Frequently Asked Questions and Answers on Available Resources
Are you a constituent?
To keep you and our staff healthy, we are working remotely until further notice. Please call and email our office as you normally would, and we will do our best to avoid interruption of service. You can call (517) 373-1801 or email SenWBrinks@senate.michigan.gov.
Are you a small business owner?
Disaster Loan Assistance for Michigan Small Businesses:
Economic Injury Disaster Loans (EIDLs) – Working capital loans to help small businesses, small agricultural cooperatives, small businesses engaged in aquaculture, and most private, non-profit organizations of all sizes meet their ordinary and necessary financial obligations that cannot be met as a direct result of the disaster. These loans are intended to assist through the disaster recovery period. Applicants may apply online, receive additional disaster assistance information and download applications at https://disasterloan.sba.gov/ela.
What about health and testing?
If you have questions or concerns about COVID-19, Michigan Department of Health and Human Services has launched several platforms to keep you up to date on the latest information:
Información sobre el coronavirus y cómo hacerse una prueba está disponible en español.
What about unemployment or being laid off?
Unemployment benefits have been expanded for now and is available to:
If you need to apply for unemployment in Michigan, you can visit the state’s website to file a claim by clicking here.
What about school closures and food needs?
Due to businesses being closed, and hours being shortened, some families may not have enough food or resources for the coming weeks.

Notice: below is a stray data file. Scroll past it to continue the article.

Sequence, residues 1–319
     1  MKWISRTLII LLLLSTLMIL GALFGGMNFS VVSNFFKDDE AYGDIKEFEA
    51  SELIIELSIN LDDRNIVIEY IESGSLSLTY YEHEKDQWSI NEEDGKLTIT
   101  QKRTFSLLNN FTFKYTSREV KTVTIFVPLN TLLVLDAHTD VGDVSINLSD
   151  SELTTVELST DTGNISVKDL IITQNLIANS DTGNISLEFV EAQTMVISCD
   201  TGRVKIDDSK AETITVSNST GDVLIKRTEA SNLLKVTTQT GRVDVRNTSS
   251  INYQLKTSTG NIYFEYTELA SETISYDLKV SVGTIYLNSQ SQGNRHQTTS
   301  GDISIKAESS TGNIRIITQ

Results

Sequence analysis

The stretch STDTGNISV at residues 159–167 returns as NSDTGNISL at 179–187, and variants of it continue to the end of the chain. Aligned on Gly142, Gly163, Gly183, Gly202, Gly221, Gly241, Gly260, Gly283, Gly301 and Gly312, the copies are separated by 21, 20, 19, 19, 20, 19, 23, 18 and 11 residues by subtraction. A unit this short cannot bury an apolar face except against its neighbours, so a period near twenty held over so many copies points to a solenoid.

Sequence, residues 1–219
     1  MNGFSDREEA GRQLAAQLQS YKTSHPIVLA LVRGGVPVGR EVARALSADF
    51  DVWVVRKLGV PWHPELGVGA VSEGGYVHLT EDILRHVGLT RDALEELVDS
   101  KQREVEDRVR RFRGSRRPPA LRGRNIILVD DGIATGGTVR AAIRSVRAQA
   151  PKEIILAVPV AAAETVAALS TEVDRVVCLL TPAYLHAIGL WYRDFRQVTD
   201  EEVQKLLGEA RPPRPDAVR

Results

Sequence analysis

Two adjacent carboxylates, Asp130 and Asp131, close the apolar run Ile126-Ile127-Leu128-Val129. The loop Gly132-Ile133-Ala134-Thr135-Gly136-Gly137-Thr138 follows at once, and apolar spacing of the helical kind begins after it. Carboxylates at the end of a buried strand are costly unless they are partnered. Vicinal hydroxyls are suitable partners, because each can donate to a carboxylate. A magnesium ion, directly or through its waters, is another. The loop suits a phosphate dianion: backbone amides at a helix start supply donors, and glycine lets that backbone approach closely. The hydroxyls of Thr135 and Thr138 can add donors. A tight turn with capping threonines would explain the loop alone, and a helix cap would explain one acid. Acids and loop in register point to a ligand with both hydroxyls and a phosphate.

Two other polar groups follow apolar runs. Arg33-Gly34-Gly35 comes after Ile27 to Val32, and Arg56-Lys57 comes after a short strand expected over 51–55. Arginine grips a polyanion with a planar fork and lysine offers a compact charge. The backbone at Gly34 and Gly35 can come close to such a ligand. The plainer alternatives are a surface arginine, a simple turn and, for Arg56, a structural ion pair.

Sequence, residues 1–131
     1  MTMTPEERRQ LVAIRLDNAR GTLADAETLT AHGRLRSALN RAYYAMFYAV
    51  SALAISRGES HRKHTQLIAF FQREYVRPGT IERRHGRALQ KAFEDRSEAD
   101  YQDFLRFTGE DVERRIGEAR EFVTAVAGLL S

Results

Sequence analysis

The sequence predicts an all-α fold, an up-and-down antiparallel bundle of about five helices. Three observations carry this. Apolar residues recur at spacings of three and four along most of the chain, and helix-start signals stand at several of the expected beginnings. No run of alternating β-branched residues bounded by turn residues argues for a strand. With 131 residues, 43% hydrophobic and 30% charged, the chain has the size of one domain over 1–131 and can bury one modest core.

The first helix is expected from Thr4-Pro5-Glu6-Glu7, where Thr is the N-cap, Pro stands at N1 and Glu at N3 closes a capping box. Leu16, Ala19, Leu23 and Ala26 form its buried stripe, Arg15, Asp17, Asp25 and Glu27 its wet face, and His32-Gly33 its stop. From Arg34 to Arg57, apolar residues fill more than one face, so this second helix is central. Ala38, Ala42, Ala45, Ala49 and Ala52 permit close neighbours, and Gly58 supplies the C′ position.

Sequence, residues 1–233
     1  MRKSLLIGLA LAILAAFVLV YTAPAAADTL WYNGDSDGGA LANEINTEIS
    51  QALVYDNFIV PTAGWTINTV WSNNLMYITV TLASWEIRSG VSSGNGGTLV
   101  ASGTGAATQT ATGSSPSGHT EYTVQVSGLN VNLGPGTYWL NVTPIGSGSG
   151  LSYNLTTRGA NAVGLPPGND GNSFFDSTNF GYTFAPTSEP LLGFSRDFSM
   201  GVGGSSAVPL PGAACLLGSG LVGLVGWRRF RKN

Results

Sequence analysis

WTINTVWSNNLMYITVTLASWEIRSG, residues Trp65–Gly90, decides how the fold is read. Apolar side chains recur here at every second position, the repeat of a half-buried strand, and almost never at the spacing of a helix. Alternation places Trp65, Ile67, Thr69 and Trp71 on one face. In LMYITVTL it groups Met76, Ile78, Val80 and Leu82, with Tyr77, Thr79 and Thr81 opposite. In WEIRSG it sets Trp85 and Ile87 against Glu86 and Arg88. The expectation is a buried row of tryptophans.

To ensure children are still getting nutritious meals, school districts throughout the state are setting up food distribution sites. Private businesses and neighbors are chipping in with food, internet service and cash, too. To find locations near you, click here.
What if I can’t pay my utilities?
Energy companies like Consumers Energy and DTE Energy are suspending shutoffs in wake of the COVID-19 outbreak.
Comcast and AT&T are making changes to internet access and hookups. In some cases, you may even be eligible for temporary free internet service.
Community Event Cancellations
Each month, my team and I host informal events where you can share your thoughts and concerns about issues affecting our district, and where you also can hear about the latest from the Michigan Legislature. Unfortunately, due to the severity and concern of the COVID-19 pandemic, I will be canceling these meetings until further notice. These include the following:
Friday, March 27 – Coffee and Conversation with Senator Winnie Brinks, from 9:00 a.m. to 10:00 a.m. at Fat Boy Burgers, 2450 Plainfield Ave NE, Grand Rapids, MI 49505
Friday, April 17 – Coffee and Conversation with Senator Brinks, from 9:00 a.m. to 10:00 a.m. at the Center for Community Transformation, 1530 Madison Ave. SE, Grand Rapids, MI 49507